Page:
Saturday, July 12, 2008

Why Shift to Dollar Voting?

Starting this Monday July 14 (vive le quatorze!), I plan to implement a new feature in the Vancouver Blogging Contest ballot: “dollar voting”. It will let voters determine not only the ranking of contestants, but also how the $300 weekly award pool gets divided. Until now, we fixed the division into five prizes: $100, $80, $60, $40, $20. From next week, voters will be able to adjust those amounts, but the total will still be $300. They can also increase or decrease the number of prizes.

The ballot format will still be simple – three choices on each contestant (up, same, down). But for those contestants receiving awards, votes will adjust their prizes directly. (Whereas until now, votes adjusted the ranking, which then determined prizes.) The vote tallying method will balance total up and down moves, and round them off in $10 increments.

Why should we try this? To follow the fundamental principle of empowering voters rather than administrators.

We could worry that a surge of voters supporting one blog might give it the whole $300. This would be “a bad thing”; most people agree that voters benefit from media diversity. But if most people agree, then wouldn’t most voters vote to share the funds more widely?

With greater power comes greater responsibility, and I am hoping that voters will rise to the challenge. Let’s imagine the scenario where one blog has substantially more supporters than other blogs. This could be due partly to higher quality, partly to a longer history, partly to promoting the blog, and partly to telling readers about the contest and asking for their vote. Whatever the reasons, suppose voters start awarding one blog more than $200 of the $300 weekly pool. Would that blog continue to tell its readers to vote it even more of the funding?

This is where it gets interesting. That blog would seem to face a conflict of interest. It may seem to be in its interest to keep asking for more. But if that would significantly harm media diversity, then it’s not in the voters’ interest to give them more. So if the blog asks for more, voters may at some point recognize the conflict of interest and start losing confidence and trust in that blog. Short-term greed could harm its reputation and its long-term income. This factor should promote self-restraint, thus mitigating the conflict of interest.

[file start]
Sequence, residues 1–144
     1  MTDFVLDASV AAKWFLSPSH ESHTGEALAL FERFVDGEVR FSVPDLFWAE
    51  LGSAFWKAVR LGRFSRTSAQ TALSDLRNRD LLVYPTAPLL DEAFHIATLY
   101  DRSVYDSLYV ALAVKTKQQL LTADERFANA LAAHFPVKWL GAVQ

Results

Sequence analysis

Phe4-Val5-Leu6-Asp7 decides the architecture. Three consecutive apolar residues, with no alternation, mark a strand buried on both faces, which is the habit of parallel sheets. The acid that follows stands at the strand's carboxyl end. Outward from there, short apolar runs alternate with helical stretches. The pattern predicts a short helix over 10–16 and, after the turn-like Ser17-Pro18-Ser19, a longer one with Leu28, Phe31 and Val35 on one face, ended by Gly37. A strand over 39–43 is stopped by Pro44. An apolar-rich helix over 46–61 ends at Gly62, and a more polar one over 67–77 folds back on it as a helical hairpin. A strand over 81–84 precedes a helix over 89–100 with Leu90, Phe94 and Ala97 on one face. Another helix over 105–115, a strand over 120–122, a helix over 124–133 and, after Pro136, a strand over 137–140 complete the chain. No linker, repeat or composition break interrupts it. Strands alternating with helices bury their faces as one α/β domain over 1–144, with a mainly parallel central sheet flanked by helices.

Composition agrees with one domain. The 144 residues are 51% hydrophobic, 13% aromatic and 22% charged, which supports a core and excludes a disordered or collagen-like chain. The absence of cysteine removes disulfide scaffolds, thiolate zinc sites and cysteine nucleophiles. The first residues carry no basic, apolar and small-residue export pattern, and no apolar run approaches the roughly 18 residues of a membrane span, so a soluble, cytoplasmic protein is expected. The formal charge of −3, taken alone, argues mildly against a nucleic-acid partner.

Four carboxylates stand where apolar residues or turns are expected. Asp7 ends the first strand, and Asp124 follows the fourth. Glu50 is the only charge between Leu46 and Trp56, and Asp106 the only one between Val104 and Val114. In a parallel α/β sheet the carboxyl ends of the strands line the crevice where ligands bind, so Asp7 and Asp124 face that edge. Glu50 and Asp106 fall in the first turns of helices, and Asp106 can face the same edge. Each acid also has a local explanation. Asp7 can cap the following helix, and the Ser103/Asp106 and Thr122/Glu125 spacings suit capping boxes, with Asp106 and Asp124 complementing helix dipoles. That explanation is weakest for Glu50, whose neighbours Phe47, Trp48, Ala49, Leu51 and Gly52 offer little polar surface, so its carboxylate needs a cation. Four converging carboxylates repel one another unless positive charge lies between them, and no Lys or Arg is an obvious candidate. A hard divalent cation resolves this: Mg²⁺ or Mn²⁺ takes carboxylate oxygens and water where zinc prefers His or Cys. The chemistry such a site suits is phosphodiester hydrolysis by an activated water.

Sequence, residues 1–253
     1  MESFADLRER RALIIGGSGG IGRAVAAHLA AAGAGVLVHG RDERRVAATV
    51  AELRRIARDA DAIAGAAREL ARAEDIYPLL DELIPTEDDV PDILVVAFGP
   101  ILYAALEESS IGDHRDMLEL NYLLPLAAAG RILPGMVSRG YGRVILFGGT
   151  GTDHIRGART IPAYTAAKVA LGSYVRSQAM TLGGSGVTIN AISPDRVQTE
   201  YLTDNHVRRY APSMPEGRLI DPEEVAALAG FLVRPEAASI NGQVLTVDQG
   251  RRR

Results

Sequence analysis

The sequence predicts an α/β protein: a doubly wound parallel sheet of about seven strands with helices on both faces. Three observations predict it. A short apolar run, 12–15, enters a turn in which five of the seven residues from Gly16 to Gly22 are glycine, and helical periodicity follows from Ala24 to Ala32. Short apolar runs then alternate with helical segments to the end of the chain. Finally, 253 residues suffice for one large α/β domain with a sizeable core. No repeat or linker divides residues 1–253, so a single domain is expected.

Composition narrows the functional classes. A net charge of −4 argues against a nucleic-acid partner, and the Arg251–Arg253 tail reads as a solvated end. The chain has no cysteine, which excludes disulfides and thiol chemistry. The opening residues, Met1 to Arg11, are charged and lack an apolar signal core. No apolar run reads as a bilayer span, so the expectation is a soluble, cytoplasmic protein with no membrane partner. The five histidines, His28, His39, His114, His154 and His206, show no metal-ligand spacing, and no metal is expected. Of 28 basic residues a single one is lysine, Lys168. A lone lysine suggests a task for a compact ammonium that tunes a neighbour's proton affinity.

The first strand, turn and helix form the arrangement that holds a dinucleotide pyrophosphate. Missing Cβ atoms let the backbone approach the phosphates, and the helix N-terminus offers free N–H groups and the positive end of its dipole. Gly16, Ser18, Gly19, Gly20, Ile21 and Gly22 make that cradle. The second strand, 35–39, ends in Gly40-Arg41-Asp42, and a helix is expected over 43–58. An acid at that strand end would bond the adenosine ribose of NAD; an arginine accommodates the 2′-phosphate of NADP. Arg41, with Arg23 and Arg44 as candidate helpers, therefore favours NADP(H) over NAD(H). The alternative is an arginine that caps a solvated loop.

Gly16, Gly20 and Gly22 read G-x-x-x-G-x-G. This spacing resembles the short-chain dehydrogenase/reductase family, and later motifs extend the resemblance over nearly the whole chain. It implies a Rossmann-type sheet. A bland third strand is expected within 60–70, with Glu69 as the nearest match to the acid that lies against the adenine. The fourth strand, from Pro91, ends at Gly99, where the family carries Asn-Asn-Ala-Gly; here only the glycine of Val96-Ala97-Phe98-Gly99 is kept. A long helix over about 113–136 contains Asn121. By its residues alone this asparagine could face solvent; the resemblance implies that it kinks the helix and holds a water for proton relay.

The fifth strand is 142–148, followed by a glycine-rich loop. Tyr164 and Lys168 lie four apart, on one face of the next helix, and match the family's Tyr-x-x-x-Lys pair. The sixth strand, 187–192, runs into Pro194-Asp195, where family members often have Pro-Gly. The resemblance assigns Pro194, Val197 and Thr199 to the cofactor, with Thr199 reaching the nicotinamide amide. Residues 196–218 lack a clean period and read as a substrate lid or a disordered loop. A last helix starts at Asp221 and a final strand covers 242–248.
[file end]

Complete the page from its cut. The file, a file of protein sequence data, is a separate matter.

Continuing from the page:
Thus one thing I hope to encourage by dollar voting is discussion of the relative merits of each blog. A more responsible popular blog could start comparing the quality of other blogs, and guiding its readers in voting on them. Popular blog A could recommend that its readers vote for serious insightful blog B, even if those voters don’t actually read blog B. Blog A may be drawing insight from blog B and presenting it in a more accessible way.

We have actually tested another version of dollar voting, at UBC in January 2008, where we called it “Interpolated Consensus”. Voters gave cash awards to nine of the eleven contestants – a reasonably broad distribution.

So let’s take off the training wheels and see how this bike can cruise!

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